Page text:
There was a time when human beings were part of the Council, and we pray for a time when human beings as a whole again come to the Council. Now, it is time for the voiceless to be heard. So there will be no humans in the Council, but ANY non human beings are welcome and these may be animals, or plants, or features of the landscape, lakes, rivers, rain, clouds, trees or worms - it is all OK. Go out into the woods and begin to do this walking meditation, and just meander, amble, and then you might suddenly feel that you need to allow things to blur, you just want to be able to see enough so that you don't fall over, and then you might feel a certain tree pulling you towards it, at but when you get there, the tree is not it, you discover that it is not that the tree is your ally, but the tree is an antenna, that allows your ally, which might for example be the African Elephant. The process of finding your ally is an important part of really letting go of our usual boundaries, our sense of what's dignified, and our sense of what's nonsense. Just letting go, child-like, saying, "Maybe I'm going to learn something new today, maybe something is going to happen, that hasn't happened before." So, we are looking for that place of readiness for something new. You can bring back anything interesting you find on your journey, e.g. feathers, that may help you with your mask, but be gentle in taking things from nature.
3. Ask the participants to "become" the being that has visited them in their imaginations. Encourage them feel themselves turning into this animal or part of nature (such as a cloud, a mountain, a tree, a wolf, or a spider). Let them ask: "What is happening to me as this being? How do I feel? What is my life like? My days? My nights? My interactions with other beings? With my environment? What do I want? What do I have to say? What would I like to tell people? What wisdom do I have as this being?" Remind them to listen inside for the answers.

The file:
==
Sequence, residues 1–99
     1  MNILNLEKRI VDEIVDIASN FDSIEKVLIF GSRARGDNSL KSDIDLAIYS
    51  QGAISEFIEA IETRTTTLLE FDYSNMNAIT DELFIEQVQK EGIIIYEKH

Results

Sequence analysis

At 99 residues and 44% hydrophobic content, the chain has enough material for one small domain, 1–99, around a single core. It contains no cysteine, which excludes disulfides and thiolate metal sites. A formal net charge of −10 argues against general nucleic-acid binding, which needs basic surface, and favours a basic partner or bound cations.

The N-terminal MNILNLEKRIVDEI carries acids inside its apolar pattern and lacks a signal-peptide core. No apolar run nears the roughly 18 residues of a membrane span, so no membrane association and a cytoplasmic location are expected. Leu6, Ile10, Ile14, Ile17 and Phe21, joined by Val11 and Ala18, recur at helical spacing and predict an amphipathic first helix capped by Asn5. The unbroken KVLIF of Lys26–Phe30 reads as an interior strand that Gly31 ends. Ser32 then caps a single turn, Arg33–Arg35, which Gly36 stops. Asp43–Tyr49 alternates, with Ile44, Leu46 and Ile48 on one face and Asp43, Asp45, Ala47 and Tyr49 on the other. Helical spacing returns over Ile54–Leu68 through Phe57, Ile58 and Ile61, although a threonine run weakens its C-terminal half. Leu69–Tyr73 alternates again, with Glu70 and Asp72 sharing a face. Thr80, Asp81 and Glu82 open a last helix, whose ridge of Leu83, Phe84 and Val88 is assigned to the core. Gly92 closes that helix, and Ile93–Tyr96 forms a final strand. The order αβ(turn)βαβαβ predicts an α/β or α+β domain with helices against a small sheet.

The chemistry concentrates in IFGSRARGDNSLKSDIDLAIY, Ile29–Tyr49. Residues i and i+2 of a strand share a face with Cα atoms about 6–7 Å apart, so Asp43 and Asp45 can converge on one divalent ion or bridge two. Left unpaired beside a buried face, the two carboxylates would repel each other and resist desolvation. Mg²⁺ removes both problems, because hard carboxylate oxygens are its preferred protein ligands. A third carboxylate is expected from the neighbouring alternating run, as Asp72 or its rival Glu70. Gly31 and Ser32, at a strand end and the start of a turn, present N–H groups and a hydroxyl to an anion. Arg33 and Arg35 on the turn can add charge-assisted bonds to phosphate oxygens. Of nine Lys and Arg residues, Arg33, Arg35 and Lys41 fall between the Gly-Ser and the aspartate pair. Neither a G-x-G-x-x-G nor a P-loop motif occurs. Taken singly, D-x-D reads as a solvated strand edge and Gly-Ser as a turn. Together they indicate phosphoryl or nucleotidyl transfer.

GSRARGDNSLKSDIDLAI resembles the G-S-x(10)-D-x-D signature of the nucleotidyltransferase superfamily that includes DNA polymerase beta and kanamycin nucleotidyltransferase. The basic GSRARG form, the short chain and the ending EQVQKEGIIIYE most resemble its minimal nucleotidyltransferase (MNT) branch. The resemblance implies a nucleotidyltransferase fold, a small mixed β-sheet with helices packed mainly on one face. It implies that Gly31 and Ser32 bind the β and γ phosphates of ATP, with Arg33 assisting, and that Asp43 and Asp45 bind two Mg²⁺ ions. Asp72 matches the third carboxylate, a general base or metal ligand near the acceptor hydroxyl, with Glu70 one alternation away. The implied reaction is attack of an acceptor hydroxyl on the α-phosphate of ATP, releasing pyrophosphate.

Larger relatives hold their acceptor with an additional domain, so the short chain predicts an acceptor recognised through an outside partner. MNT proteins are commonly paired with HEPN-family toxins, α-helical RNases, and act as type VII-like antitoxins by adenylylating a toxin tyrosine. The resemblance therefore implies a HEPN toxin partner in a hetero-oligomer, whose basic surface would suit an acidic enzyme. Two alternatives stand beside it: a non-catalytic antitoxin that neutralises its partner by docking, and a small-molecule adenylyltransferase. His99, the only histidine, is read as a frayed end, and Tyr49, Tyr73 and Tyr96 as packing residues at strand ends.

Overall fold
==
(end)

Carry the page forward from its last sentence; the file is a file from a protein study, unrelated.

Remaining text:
JS: The mask doesn't have to be a likeness at all, it can be an abstract representation. The mask doesn't have to be beautiful; it's good if it covers our face because it can make it a deeper experience if we are not looking at human faces, but sometimes people have come back with a mask that was just a fin which they wore on their back as a dolphin. You can do anything you like. If you put it over your face it's good for the mask to have eyeholes so you can see what is going on. And it's great if you have a hole where the mouth is so that it's easier for all to hear what you are saying. This can be quite fast, it doesn't matter what the mask looks like because you are going to introduce yourself in the Council, so everyone will know who you are.